I wouldn’t call it Thelma and Louise exactly, but it was kinda cool as a filmic road trip narrative. True, we were actually middle aged blokes and not battered women scenting freedom. True, it wasn’t a 1966 Thunderbird convertible but a large boxy white hired van. True, we were neither in rebellion nor on the run, in fact our wives knew exactly where we were, but there was nevertheless a heady whiff of the open road as my neighbor Marc and I set off on a 3,000 kilometer drive across western Europe (well, France) with a very full load one frosty Thursday night at 11pm. We drove fast and hard 900 km south to the Tarn-et-Garonne and the Gers to disgorge the van’s contents in our respective houses (for we are neighbors both in Basel and in Gascogne), then we gunned it to Marseille, some 600 kilometers away to the east, to visit the house of another Basel neighbor, Paul, who had kindly offered a couple of excellent, albeit unwanted, pieces of furniture. On the next morning after a reviving overnight involving food and wine chez Paul we heaved the furniture into the van and pushed on back to the Gers. While in Mansonville I rather fortuitously and spontaneously made the arrangements (in direct consultation with the Mayor) for the appropriate siting of the main drains connection on our property and I also made my obeisances to those who look after the house, which now has significantly more furniture in it than before, including our battered old three piece suite, bought over twelve years ago, that has been through much in the way of children, dogs and assorted sofa-sleepers and so now thoroughly deserves its quiet and dusty sun-stream jubilee.
Alli, Ella and Gwen were in England for a week and saw friends and relations. Getting ready for an imminent move of house we ordered a three piece suite from England but having sent the old suite into retirement and what with delivery delays and dozy receptionists we are not yet in possession of the replacement. Neither are we yet in possession of the proceeds from our house in the UK or, consequently, the house we are after in France as the chain broke down a few days ago. We are back to hoping that someone buys someone else’s house (repeated) so someone else can buy ours.
My 52nd birthday occurred and we all went out to dinner. Jessie composed a special piece of music for me and recorded it and other compositions and pieces that she had composed and played on a CD. The composition, one of three that she is entering as her contribution for the International Baccalaureate, is utterly brilliant and, having bored others with it too much at first, I now play it secretly when no-one else is around. The same weekend I went with Jessie to see Wagner’s Der Fliegende Hollander at the Basel Theater with the Basel Symphony Orchestra. The stage concept was bold, involving some re-writing of the plot itself, thus some way away from the original, but it was enjoyable, challenging and involving. Alli and I also celebrated our 20th wedding anniversary – what a result! What a journey! What a partnership! Er, I forgot the card. Long story. But it really does not seem that long since we walked together out of a church into a bright, windy Norfolk morning as husband and wife.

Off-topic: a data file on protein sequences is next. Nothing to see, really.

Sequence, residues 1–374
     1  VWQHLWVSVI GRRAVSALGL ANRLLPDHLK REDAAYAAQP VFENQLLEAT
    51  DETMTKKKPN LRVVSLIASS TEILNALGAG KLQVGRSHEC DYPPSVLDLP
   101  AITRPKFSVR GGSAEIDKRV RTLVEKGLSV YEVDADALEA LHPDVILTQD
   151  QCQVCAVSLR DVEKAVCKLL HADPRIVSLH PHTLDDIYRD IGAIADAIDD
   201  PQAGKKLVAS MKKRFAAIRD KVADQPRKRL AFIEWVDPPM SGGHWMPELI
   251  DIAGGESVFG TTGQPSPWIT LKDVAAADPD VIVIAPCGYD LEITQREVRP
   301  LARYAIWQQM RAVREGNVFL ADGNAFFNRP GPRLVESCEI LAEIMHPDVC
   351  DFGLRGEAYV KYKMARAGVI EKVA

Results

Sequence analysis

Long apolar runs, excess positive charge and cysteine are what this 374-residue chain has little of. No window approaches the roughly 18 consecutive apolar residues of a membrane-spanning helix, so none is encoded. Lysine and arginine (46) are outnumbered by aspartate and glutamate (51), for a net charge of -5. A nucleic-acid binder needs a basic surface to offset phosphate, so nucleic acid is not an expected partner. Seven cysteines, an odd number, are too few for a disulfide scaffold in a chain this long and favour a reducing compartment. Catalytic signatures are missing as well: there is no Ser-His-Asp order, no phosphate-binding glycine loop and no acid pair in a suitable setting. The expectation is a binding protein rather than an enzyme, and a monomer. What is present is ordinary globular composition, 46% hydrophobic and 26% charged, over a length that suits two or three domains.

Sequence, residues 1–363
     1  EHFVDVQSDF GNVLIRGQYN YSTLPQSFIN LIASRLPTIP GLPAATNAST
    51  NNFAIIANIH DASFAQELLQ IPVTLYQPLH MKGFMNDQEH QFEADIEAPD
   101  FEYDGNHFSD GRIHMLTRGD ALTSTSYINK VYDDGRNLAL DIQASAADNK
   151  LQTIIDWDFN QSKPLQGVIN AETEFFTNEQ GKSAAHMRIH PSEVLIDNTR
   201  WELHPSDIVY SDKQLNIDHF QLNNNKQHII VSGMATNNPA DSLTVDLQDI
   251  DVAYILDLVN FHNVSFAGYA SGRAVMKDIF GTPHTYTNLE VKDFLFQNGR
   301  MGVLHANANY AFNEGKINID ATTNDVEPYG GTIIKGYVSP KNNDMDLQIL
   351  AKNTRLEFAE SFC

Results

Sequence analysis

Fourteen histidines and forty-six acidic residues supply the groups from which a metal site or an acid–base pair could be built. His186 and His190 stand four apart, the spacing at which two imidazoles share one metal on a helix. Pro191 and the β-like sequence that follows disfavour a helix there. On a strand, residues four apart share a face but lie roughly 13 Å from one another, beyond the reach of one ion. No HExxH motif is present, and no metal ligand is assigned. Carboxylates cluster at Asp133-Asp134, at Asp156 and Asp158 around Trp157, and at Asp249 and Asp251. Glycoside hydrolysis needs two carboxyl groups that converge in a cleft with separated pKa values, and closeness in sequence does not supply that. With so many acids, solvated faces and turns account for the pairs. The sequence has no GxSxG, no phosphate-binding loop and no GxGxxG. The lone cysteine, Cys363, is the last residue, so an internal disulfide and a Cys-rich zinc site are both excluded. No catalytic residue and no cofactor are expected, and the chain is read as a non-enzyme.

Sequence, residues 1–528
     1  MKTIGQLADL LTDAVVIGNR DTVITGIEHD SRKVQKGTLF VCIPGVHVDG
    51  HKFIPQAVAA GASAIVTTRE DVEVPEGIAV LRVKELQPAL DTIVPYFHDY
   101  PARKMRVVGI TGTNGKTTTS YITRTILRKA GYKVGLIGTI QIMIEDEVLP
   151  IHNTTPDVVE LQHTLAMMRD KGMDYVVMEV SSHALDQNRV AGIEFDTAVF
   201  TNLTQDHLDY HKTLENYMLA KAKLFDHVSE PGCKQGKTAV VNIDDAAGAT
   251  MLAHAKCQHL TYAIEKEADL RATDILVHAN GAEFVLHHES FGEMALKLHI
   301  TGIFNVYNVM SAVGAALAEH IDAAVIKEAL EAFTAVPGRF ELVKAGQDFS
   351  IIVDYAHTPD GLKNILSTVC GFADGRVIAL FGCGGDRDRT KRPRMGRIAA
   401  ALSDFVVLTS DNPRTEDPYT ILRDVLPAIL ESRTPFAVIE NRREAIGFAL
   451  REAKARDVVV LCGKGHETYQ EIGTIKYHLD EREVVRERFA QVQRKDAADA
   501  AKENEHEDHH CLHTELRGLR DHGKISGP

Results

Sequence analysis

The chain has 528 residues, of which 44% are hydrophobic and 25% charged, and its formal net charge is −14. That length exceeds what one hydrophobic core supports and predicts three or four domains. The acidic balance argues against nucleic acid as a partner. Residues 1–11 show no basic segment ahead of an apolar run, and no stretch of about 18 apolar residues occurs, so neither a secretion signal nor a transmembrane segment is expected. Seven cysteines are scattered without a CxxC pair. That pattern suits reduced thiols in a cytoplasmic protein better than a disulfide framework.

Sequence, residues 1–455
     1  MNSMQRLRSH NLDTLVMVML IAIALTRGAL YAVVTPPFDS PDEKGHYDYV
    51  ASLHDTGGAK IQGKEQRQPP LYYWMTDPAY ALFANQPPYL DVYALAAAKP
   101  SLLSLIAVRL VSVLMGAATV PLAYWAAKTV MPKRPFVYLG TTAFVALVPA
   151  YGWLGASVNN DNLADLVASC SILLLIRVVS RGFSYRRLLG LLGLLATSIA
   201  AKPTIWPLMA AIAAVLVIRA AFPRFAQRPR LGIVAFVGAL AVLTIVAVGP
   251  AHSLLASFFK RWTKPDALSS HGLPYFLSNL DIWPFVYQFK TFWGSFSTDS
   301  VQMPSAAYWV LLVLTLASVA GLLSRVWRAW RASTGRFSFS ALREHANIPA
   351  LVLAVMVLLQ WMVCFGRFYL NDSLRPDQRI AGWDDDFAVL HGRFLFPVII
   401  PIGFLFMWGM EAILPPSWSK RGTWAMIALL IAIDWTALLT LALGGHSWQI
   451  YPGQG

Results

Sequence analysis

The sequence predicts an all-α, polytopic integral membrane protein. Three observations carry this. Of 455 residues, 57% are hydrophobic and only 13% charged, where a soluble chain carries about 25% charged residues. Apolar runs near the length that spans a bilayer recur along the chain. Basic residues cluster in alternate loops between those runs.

Basel’s Fastnacht has been and gone and very largely we all missed it, although Jessie, who stayed in Basel while the rest of us were away, went again to the opening Morgestraich and was often in town during the three days. Ella and Gwen had seen the local parades in Oberwil the weekend before. They also went to see the School Play Bugsy Malone, which featured good performances from many of our neighbours’ children. Gwen has been winning swimming medals in the School Gala, coming second overall in both her races. Jessie went for another weekend’s skiing in Verbier and has taken her Mock Diploma exams, obtaining encouraging results. Now it’s back to revising for the big ones in May. She also appeared in a very entertaining evening of dance, song and acrobatics, with others in and around Basel who study with the LT dance group. I am back to biking to and from work as the weather slowly improves, and I even managed to mend my own gears after I had carelessly left the bike outside over one of the coldest nights of the year when the temperature was so low that the gears actually froze and would not when thawed assume their previous settings.
In Oberwil and everywhere else in the vicinity the local council prohibits bonfires in gardens, and instead offers – for a fee – to render all your garden brush, twigs and branches into wood chippings if you stack everything neatly by the side of the road on a given and pre-arranged day and attach a ticket to the scrub. So I spent much of one weekend engaged in a major clearing of the garden ready for the startling spring growth. A couple of weeks earlier Alli had daintily and painstakingly done a similar task on the finer aspects of the edges and margins, pots and cuttings, lawn, borders and steps whereas a week later I sweatily chopped, huffingly sawed and raspingly hacked my way through whole hedges and bushes galore, ending with a not-so-tidy pile three meters high, eight metres long and two metres wide, ready for reduction to a small mound of chippings no more than two metres square the following week. It’s a prim conclusion but it sure beats driving off the edge into the Grand Canyon.
Yours in free fall
La Hune, Spring 2009